File > Automate > Photomerge…

Default settings worked great for me and voila, a beautiful high-resolution aerial photograph of an island in Greece.

Agios Artemios

Click on the image for a high-res look at Agios Artemios

So what about the data? I used my Oru Kayak seat as a launching pad on each of these islands. You can see it as the bright orange oval in the bottom third of the island. That orange launch pad is 80 cm across. With that I can set a scale that’s consistent for the whole island. I also know that the kayak is 360 cm long, which means I can check my calibration to make sure I’m getting good estimates. After that, it’s time to measure. I’m running out of time today so I haven’t made measurements but I’ll be calculating the  area of the island, the area of the green space, maybe even some metrics of patchiness, stay tuned!

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Back from Greece!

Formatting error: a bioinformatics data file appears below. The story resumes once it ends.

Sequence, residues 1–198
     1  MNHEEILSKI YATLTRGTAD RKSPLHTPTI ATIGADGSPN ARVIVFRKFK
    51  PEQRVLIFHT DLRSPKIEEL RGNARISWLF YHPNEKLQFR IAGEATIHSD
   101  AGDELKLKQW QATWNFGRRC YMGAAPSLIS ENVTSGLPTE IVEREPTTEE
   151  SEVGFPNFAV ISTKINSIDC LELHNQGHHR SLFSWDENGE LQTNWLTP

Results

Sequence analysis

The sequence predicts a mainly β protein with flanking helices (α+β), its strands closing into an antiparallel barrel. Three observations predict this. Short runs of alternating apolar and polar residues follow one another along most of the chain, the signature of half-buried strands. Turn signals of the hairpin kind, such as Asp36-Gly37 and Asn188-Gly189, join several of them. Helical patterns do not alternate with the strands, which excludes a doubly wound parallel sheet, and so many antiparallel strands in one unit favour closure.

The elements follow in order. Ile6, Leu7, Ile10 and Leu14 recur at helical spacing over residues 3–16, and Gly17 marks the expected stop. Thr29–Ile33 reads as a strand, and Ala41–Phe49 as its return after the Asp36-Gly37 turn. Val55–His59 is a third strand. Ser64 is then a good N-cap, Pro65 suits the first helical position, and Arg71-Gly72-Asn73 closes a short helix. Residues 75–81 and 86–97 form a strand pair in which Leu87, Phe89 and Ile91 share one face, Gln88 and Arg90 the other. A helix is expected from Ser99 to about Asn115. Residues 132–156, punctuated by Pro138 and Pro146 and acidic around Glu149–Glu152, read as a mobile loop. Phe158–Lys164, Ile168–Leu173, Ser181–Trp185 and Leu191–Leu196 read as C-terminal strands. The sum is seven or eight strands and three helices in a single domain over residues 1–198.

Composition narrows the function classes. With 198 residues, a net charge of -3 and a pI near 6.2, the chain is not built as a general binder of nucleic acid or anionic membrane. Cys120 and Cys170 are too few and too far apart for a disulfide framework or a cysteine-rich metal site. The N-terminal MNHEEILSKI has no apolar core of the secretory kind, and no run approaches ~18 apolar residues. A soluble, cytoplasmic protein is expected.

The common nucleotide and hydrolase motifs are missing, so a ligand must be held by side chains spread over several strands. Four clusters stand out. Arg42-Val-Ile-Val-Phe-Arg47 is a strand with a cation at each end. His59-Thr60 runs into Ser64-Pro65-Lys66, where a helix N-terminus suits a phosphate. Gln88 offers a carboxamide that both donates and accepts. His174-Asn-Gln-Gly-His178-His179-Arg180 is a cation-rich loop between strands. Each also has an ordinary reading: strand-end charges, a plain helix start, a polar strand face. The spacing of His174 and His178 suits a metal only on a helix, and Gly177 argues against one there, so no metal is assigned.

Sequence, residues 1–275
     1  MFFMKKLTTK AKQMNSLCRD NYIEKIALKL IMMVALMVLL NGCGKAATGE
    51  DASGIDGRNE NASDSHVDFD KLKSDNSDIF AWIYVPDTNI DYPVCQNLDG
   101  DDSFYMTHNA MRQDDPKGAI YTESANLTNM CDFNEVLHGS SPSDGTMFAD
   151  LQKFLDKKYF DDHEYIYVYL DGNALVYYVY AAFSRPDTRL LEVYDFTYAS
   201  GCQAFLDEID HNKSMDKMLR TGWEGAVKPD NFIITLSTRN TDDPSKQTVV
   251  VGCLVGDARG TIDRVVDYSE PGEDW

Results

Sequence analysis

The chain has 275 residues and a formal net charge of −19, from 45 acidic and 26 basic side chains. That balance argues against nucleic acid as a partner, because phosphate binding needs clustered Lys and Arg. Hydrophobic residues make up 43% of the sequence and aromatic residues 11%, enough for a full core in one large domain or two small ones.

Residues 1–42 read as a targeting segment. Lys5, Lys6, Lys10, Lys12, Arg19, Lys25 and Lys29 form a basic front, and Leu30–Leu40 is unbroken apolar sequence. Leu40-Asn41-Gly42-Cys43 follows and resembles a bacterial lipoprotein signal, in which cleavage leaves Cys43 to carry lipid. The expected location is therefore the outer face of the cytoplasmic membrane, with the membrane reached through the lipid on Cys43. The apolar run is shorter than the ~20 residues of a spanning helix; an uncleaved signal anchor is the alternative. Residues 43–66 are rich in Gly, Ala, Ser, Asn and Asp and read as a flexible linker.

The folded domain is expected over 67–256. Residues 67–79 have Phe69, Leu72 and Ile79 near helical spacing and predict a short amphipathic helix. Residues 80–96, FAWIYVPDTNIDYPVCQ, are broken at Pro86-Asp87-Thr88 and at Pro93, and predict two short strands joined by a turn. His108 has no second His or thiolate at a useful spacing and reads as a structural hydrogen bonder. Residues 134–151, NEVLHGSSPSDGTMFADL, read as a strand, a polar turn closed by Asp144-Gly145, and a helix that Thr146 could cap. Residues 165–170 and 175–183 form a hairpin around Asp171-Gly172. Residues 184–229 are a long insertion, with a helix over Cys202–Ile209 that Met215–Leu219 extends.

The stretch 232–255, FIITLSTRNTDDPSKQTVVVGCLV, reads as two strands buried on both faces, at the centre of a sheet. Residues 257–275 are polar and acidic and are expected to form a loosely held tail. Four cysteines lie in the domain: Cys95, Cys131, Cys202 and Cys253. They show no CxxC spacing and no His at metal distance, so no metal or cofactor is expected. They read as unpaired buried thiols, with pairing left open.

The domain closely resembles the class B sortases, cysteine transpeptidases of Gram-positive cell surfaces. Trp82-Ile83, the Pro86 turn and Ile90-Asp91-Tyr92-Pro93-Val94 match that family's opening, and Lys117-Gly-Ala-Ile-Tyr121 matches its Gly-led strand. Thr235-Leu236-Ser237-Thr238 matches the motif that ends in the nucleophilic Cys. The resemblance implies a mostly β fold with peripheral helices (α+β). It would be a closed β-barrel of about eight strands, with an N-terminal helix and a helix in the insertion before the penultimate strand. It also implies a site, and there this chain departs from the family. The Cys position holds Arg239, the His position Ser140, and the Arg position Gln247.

Greece came and went this year faster than it ever has before. I think it had to do with the fact that it was the third of my field expeditions this spring. Maybe it had something to do with the only three days at home between returning from the Bahamas and leaving for Athens. Much of my time in Greece was spent breathless trying to get from island to island and now, in retrospect, the three weeks of fieldwork seem like a bit of a hazy dream.

Luckily I’ve got a big stack of data sheets to remember the lizards by.

The goal this year was to revisit the island introduction experiment I started in 2014. This is year three and the first year where all of the lizards we originally introduced to the island have likely died of old age. This means that most of the lizards we were catching were the grandkids of the original colonists and had never experienced any environment other than the little islands they were born on. This is terrific for our ability to start asking questions about evolution over the course of those three generations.

We revisited all five experimental islands and all of the lizard populations are still doing great!

Two of the islands now have well over 100 lizards on them. That’s starting from a seed population of just 20! The lizards are getting big too. It seems like they’re not having any trouble finding food on these little islands.